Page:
Rape is a sin, according to the Bible. It is a crime portrayed as a blatant disregard for God’s design of the human body (Genesis 34).
However, because the laws outlined in the Old Testament existed in the context of a particular culture, it might be challenging to interpret the topic of rape in the Bible. Some interpretations might confuse you and drive you into believing that the Bible does not address rape.
This post will deeply discuss what the Bible says about rape.
Rape in Israelite Law
Israelite law occasionally fell short of the moral standards, preferring to govern structural evil that was too deeply ingrained to be eliminated rather than tolerating it.
It’s crucial to comprehend two cultural mores in particular:
- Finding a husband was highly challenging for non-virgins; and
- Women’s status was so low that they needed a male advocate, preferably a son, to protect them.
We must also contrast the descriptive verses, which record what humans did, with the authoritarian ones, representing God’s will.
Sexual crimes were punished with death because they were seen as betraying one’s innermost covenants and being unfaithful to one’s spouse.
Deuteronomy 22:25–29 contains the Mosaic Law’s prohibitions on rape. It deals with a man who rapes a woman he discovers engaged. The punishment was death for the man.
If a man rapes a woman who is not engaged, he must marry her if her father consents (Exodus 22:16–17). In any case, he must pay the dowry, or the “bride price,” which guarantees her security for the rest of her life.
The man must never disgrace the victim by divorcing her if the victim’s father agrees they should marry.
What Does the Bible Say About Rape?
God’s punishment for raping a virgin, which included a monetary fine and everlasting accountability, was created to discourage rape by making the rapist answerable for his deeds.
He should have provided for her for the rest of her life because he had damaged her life. This punishment may not sound fair to the ears of modern times as we don’t live in the same culture as they did.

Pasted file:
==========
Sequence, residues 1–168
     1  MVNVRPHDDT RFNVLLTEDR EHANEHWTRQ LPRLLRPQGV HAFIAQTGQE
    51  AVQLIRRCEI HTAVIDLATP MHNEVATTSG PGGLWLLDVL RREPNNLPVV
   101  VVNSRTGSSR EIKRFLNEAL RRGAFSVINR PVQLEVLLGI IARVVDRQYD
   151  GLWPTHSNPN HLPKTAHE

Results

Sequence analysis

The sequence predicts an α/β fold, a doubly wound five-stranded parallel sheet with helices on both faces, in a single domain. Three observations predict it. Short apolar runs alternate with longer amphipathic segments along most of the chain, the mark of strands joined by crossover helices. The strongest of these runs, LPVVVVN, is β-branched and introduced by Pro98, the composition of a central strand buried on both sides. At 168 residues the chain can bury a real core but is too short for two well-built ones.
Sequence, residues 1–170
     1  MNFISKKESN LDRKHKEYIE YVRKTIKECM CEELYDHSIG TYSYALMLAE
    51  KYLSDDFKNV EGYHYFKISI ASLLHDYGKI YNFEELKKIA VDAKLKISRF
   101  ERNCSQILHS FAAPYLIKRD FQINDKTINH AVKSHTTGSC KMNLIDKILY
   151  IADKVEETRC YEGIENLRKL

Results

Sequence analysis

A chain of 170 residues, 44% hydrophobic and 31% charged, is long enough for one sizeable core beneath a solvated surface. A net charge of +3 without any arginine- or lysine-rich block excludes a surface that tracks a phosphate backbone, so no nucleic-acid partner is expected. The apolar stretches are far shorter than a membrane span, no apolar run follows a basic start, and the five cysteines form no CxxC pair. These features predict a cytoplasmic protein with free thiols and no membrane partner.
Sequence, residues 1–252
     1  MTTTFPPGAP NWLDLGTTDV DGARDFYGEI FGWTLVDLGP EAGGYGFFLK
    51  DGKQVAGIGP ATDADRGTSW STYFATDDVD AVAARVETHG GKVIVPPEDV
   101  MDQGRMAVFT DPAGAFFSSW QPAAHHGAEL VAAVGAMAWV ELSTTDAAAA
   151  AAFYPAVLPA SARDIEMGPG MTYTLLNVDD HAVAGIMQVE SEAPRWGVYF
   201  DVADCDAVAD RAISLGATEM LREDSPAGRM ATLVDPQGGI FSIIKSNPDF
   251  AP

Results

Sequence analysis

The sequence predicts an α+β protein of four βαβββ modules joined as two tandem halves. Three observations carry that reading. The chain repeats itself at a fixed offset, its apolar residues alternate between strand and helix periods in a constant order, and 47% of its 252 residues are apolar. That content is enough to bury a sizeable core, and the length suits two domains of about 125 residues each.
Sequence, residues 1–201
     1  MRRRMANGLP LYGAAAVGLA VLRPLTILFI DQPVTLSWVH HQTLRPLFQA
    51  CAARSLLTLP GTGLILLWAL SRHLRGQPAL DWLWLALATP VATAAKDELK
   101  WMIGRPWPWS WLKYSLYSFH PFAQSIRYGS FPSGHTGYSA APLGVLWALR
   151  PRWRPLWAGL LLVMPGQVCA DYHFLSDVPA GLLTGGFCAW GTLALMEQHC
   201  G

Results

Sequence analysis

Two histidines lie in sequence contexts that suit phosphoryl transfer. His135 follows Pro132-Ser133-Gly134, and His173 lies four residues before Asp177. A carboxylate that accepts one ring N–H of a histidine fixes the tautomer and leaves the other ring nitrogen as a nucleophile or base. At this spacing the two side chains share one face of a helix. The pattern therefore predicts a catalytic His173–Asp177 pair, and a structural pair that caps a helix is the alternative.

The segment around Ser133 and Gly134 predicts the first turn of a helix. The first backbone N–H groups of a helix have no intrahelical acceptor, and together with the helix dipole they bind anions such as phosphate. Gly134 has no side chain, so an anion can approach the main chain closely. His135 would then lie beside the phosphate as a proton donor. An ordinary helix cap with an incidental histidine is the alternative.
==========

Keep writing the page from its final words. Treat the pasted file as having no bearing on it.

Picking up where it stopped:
In 2 Samuel 13, Prince Amnon sexually assaulted his half-sister, Tamar. Even after he had rejected her, Tamar begged him to marry her out of the fear and humiliation of being violated and unmarried. Absalom, her full brother, became so enraged by the circumstance that he killed Amnon. That was how highly women’s virginity was regarded at the time.
The pains represented were judgment, but Tamar was not subject to it. This biblical tale is horrible and was intended to be horrifying. Tamar was innocent and was injured by someone else’s sin, but David, Amnon, and Absalom were all condemned.
Jewish teachers during Jesus’ day occasionally attributed men’s lust to how women behaved or dressed. Still, Jesus entirely put the onus of responsibility for desire on the man who committed it (Matt. 5:28).
Nowhere in the Bible is a rape victim made to feel guilty, and no one raises the possibility that she might have done something to provoke the attack.
The New Testament clearly demonstrates that Christians must obey the laws of governing authorities (Romans 13). Rape is not only morally wrong, but it is also illegal under the law. As a result, anyone who commits this crime should expect to be punished.
People are accountable for their actions and sins, including rape. Still, no one is far from God’s grace.
Each one of us is valuable to God. God demonstrated His love and value for you by sending His Son to earth to bridge the gap between God and His people (John 3:16). We can have a relationship with God through Jesus, which comes with hope and healing forever.
Even those who have committed the most heinous sins can be forgiven if they repent and turn away from their evil ways (1 John 1:9). This does mean that they can be exempt from legal punishment, but it can provide hope and a path to a new life.